Guilt Of Killing The Innocent
"A conscience cannot prevent sin. It only prevents you from enjoying
it" Harry Hershfield Have you ever hurt or killed something throughout your
life and felt bad about your actions? A sense of wonder and reason probably
crossed your mind and all you could ask yourself was, why? There's many times
people feel guilty about their actions and sometimes have a feeling of sadness
and depression. Animals are a huge part of the world that cause remorse among
society. Many people share love, bonds, and relationships with animals, but
continue to hunt them for pleasure and nourishment. There are times that people
feel bad about what they do to a creature just for a few minutes of pleasure or
just a bite to eat. It's amazing how close one can feel to an animal and then go
to many extremes to kill it. Besides reality within humans, there are many
authors that incorporate guilt with killing throughout their novels. Humans and
authors novels such as James Serpell's In The Company of Animals and Ernest

Hemingway's Old Man and the Sea, portray images throughout their ideas that
dispense thoughts and representations of killing animals through feeling a sense
of shame. Take for example the millions of vegetarians throughout the world.

They are all different in their selection of foods, opinions of animals, and
what they eat. Some people won't eat certain meats while others will go to the
extreme of eating nothing that comes from animals, whether it is eggs or
gelatin. Vegetarians feel a sense of disgust and a sick sensation of eating a
creature that God placed on the earth. They feel that God placed the animal on
the earth to live in peace and harmony, not to face the trauma and death for the
benefit of others. Vegetarians feel it is disrespectful towards animals and
believe it is not fair to kill off an innocent creation. Some feel very strong
about the issue that they will protest the slaughtering of animals and the plan
of making garments from their skin and fur. They experience guilt by eating the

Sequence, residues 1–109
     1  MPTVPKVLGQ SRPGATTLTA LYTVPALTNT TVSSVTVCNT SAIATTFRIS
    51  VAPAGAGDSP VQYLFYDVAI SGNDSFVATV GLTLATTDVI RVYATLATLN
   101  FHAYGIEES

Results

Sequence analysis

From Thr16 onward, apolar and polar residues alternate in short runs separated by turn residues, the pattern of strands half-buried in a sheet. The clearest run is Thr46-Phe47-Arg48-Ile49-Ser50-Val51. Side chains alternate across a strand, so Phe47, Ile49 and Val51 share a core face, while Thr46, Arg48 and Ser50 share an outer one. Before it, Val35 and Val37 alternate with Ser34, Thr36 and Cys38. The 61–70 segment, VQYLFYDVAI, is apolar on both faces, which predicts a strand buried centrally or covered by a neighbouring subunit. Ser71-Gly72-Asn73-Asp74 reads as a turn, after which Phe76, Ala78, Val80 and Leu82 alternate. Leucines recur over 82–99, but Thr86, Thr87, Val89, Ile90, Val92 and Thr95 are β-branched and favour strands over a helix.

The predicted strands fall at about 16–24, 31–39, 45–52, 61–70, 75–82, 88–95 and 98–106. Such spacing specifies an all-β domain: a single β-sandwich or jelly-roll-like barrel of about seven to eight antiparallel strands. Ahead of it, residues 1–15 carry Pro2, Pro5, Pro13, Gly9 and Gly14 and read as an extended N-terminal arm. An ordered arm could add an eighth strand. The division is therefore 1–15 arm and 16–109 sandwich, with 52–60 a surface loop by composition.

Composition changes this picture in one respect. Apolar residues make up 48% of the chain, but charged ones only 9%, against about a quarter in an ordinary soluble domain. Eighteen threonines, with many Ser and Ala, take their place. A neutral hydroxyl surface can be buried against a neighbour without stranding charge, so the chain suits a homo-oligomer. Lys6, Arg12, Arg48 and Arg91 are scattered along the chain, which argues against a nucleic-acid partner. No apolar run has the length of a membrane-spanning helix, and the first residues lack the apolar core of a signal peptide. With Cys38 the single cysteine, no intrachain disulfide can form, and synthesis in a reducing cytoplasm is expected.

remains of a dead animal that used to be alive. The torture and pain that each
animal endured causes vegetarians to feel bad about eating them. People are
still fighting to discontinue the violation of animals, but the guilt and
feeling of shame will never leave the mind of a true vegetarian. Besides humans,

Hemingway displays a similar portrayal of remorse with the killing of an animal
throughout Old Man and the Sea. A close relationship that is united between a
man by the name of Santiago and a marlin allows ones emotions to take a toll and
undergo an adventure of guilt. Santiago has a strange appreciation and sympathy
for the fish. Marlins, to Santiago, are ornaments that create a feeling of
nature and loyalty towards him. The old man holds a bond and strength of love
and devotion with the creatures lurking the environment that he is surrounded
by. The turtles for example have similar characteristics like Santiago, such as
a heart, feet, and hands. The flying fish act like his family members since they
encompass him everyday by playing and searching for food. Over time Santiago and
the marlin mold a connection that causes the old man to feel more emotion for
the fish than expected. On the first day, Santiago speaks to the marlin
"Fish...I love you and respect you very much. But I will kill you before
this day ends"(60). By the end of the day, the marlin is still alive, but
trying to strive for every last bit of its lasting life. Santiago then
sympathizes for the fish and does his best not to disturb or violate the marlin
during the sunset. " The setting of the sun is a difficult time for all
fish"(81). Santiago wants the fish to rest in peace and cares for the well
being of the creature. The old man distinguishes the great worth of the fish
that he never knew existed. "Then he was sorry for the great fish that had
nothing to eat and his determination to kill him never relaxed in his sorrow for
him. How many people will he feed, he thought. But are they worthy of eating him
from the manner of his behavior and his great dignity" (83). As the fish
continues to fight for survival, Santiago gains an enormous amount of admiration
towards the marlin. He says to the fish, "You are killing me, fish.... But
you have a right to. Never have I seen a